Japan’s second piece of enabling legislation for establishing a domestic casino industry, the Integrated Resorts (IR) Implementation Bill, passed on Thursday its penultimate hurdle according to information obtained by GGRAsia.
The passing of the bill by the Committee on Cabinet in the House of Councillors, the upper chamber for Japan’s parliament (pictured), came despite reports of plans for a no-confidence motion in the chamber – organised by minority parties – that was apparently designed to slow the process.
According to political observers, any such opposition motion had no prospect of success, given the large majority of the governing bloc, formed from the Liberal Democratic Party and its junior partner Komeito.
On Friday (July 20) the IR Implementation Bill is likely to be voted on and enacted in a plenary session of the House of Councillors, according to GGRAsia’s Japan correspondent. Passage of the bill will fulfil the government’s pledge to complete the legislative process prior to the formal conclusion of the current – extended – ordinary session of parliament on July 22.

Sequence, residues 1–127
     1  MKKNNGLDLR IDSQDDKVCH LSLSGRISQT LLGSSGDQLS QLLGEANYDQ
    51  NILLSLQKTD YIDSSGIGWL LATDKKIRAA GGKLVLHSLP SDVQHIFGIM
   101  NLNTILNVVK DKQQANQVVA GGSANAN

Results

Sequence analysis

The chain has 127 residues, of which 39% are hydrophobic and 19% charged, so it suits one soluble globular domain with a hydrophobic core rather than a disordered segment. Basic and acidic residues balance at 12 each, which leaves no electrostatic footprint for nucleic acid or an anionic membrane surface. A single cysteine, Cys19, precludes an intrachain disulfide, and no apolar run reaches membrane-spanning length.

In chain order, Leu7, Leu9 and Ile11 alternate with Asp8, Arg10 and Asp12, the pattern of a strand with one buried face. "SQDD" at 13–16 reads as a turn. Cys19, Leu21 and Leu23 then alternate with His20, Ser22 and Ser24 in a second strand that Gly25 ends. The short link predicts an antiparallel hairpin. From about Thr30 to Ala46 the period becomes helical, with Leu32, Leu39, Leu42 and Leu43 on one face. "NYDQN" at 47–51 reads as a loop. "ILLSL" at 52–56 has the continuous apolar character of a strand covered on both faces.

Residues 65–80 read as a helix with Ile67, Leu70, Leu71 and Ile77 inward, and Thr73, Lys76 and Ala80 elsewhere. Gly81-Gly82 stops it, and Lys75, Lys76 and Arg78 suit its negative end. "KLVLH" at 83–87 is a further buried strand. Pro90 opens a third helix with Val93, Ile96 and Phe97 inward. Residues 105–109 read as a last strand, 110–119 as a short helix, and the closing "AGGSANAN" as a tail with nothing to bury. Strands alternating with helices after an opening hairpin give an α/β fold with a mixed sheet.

Key points in the draft bill are reported to include: an initial cap of three casino resorts nationwide; a 30 percent tax on casino gross gaming revenue (GGR); and an entry levy of JPY6,000 (US$53) for Japanese citizens and residents wishing to enter such venues.
But the anticipated passage of the bill still leaves plenty of work to be done before a Japanese casino industry can be created. Not the least of it is the pitches to be made to central government by local authorities – in tandem with their respective private-sector partners – for the right to one of the first licences.
A number of industry executives expect the first casino licences to be issued in around the year 2020, with the first resorts to open for operation in circa 2025.
A separate piece of legislation related to the nascent casino industry – the Basic Bill on Gambling Addiction Countermeasures – was passed by parliament on July 6.
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